Urban Growth Control DSS Techniques for De-Sprinkling Process in Italy

Bernardino Romano, Lorena Fiorini, Francesco Zullo, Alessandro Marucci
2017 Sustainability  
This article relates to the concept of urban expansion reduction in limited areas, called "de-sprinkling districts", and methods of designation of their range, as well as modelling and management of their network. This concept was developed from research concluded in 2016, referring to 50 years of urban evolution in Italy, that investigated and diagnosed the forms of urban growth focusing on the Italian model. For this model, the authors of this paper proposed an alternative definition (urban
more » ... rinkling) with respect to the sprawl international standard. Certainly this urban model established in Italy during the mentioned years is due to an inefficient control of peripheral areas and new conurbations' development, both in forms and functions. The cause is to be searched for in the importance given to single towns' general plans and the minor role of strategic planning (province and region). The political and social assumption that urban development according to the extreme sprinkling model is no longer feasible is gaining ground. However, implementing de-sprinkling processes will not be easy. In this paper, criteria to create a decision support system (DSS) for administrators and municipalities is illustrated. These criteria aim at dealing, technically and politically, with sprinkling and planning medium-term containment. Sustainability 2017, 9, 1852 2 of 15 and ecosystem services' provision [8-15], but it is very hard to answer the question about this urban model's contrast and inversion perspectives. Certainly this urban model established in Italy during the mentioned years is due to an inefficient control of peripheral areas and new conurbations' development, both in forms and functions. The new urban development has in fact almost never been carefully planned, with very rapid growths that have seen mixed neighborhoods and residential buildings with industrial and commercial areas, in rural matrices, with no drafted road networks or organic utilities framework. The cause is to be searched for in the importance given to single towns' general plans and the minor role of strategic planning (provincial and regional). As a consequence, the result of land transformation stems from the action of 8000 small municipality administrations. These decide within themselves with little large-scale interaction. Moreover, town administrations, to improve economic response and the people's consensus, and enforced through timeless and ess-strict regulations, have allowed community-led processes and contracts with private companies. This has led to a building surplus all over Italy. The National Institute of Statistics (ISTAT) measured this surplus in 2011, considering only residential buildings; the number measured was 12 million buildings (average of 1 per every 5 people); 816,000 of those buildings were built in the last 10 years (223 new buildings every day) with an enormous number of second houses (30% of the total; ISTAT). The Italian government, throughout the years, has given little to no signals towards a reorganization of municipalities for a noticeable administrative fragmentation reduction, and on the contrary, provinces have been eliminated. The government used to draft strategic plans, which, as weak as they were, at least were an interpretation of a larger scale of land transformation and town activities coordination. It is also true that the fast increase in the number of buildings has undoubtedly slowed for many years, compared to the situation in the 1980s, but it still continues with an appreciable rate. From 2000 to 2012, the satellite land monitoring service Corine Land Cover (CLC) showed a 12% loss of land to urban development, which was around 1650 km 2 (more than the metropolitan area of Rome) or 140 km 2 /year and around 38 ha/day. Considering that for Italy, CLC monitoring data is inferior to the reality (which is at least 30% more), the comparison with the 80 ha/day measured between the 1950s and the 2000s shows that the phenomenon has still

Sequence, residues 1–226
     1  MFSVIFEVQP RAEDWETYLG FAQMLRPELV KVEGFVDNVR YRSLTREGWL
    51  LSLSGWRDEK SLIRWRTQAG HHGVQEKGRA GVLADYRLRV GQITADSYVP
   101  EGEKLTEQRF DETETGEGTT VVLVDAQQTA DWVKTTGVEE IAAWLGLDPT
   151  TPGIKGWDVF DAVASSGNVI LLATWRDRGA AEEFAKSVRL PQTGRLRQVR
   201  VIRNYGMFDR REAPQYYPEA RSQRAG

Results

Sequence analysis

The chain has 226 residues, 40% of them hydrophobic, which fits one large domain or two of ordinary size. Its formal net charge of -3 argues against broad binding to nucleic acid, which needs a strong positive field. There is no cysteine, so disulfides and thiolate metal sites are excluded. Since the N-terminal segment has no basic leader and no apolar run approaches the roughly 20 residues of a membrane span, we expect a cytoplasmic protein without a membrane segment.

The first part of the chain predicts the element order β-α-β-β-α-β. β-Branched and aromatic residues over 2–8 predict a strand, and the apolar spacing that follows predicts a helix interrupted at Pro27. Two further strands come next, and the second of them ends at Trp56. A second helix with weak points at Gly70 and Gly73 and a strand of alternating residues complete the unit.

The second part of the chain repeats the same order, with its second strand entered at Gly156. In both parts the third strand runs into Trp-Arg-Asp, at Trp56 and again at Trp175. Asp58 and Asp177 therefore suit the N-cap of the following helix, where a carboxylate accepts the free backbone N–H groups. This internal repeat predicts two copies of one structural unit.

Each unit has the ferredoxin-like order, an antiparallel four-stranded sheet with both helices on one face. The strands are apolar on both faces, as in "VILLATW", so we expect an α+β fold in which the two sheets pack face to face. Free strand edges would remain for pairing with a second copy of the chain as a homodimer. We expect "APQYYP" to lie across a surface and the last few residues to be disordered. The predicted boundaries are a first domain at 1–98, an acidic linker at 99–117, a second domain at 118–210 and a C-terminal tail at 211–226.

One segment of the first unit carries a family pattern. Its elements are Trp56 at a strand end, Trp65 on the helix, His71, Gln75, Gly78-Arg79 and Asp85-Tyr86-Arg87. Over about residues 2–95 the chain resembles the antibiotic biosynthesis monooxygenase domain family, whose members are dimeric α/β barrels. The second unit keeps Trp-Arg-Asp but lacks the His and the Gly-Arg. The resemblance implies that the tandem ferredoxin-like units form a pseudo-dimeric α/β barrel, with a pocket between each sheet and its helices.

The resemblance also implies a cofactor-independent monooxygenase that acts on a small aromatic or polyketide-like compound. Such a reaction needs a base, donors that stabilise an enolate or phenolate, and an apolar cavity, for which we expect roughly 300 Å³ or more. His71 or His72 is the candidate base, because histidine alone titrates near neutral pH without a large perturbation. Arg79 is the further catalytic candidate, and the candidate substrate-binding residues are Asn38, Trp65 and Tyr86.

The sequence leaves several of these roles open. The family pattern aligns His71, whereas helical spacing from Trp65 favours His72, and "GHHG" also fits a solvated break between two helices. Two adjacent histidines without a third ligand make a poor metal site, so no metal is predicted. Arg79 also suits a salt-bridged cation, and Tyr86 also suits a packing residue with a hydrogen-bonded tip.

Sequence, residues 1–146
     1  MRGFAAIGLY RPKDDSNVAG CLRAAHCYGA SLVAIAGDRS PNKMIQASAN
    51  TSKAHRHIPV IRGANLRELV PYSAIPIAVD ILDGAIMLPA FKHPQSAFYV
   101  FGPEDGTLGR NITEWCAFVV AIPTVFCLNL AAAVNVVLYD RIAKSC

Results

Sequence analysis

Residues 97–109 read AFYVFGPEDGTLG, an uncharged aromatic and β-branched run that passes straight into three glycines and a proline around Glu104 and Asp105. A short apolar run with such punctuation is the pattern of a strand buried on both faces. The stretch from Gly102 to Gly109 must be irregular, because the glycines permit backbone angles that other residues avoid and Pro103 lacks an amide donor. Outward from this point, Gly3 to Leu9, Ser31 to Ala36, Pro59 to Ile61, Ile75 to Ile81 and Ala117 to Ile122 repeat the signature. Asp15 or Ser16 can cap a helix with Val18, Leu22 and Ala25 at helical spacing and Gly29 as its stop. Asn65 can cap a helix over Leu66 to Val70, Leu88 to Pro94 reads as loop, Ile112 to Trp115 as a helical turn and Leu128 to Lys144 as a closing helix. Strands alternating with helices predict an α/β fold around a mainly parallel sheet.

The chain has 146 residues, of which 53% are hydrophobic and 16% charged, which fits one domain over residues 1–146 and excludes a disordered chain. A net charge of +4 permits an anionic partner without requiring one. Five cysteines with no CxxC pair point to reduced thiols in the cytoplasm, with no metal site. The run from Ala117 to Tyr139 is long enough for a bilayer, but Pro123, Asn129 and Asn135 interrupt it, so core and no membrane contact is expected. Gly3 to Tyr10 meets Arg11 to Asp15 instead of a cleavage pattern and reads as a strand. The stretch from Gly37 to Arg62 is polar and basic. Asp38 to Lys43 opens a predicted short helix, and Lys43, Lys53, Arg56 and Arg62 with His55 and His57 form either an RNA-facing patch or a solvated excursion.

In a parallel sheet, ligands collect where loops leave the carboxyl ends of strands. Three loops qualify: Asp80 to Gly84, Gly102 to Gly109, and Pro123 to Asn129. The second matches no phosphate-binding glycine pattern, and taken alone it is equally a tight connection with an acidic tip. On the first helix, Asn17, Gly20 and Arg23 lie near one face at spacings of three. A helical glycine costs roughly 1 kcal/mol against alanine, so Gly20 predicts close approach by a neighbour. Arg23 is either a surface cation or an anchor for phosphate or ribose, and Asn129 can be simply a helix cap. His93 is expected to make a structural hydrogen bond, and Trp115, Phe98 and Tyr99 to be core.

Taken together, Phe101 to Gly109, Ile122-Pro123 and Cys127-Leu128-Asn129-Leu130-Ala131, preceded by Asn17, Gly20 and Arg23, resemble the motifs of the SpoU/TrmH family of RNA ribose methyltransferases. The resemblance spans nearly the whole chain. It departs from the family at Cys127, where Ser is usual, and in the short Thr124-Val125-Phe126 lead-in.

doi:10.3390/su9101852 fatcat:eynocqhl75ayncu5oufuxphgie